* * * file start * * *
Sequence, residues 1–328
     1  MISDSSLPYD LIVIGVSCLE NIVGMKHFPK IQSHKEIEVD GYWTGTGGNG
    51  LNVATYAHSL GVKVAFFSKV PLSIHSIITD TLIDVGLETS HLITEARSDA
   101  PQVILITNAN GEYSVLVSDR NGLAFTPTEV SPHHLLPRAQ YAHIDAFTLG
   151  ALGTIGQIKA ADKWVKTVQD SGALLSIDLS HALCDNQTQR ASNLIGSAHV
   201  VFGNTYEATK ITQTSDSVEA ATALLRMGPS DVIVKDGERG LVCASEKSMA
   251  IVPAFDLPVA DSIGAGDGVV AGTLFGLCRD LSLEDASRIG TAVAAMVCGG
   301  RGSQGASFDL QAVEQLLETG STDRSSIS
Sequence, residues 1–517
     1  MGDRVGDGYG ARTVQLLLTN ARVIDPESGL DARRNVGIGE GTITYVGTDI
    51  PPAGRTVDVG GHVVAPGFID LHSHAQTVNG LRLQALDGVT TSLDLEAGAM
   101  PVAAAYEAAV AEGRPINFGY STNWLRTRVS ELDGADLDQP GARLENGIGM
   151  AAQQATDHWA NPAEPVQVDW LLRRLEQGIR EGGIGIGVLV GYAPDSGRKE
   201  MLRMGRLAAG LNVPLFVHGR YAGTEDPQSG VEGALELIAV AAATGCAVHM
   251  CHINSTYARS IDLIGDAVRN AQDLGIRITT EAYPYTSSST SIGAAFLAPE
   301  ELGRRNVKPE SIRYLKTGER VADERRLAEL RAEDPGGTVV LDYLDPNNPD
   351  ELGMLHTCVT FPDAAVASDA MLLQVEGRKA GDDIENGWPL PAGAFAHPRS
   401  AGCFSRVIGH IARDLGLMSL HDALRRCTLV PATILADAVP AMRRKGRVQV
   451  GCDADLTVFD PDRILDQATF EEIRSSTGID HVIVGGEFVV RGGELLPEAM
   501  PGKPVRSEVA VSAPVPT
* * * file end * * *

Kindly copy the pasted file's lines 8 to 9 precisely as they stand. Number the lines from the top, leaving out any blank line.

   301  RGSQGASFDL QAVEQLLETG STDRSSIS
Sequence, residues 1–517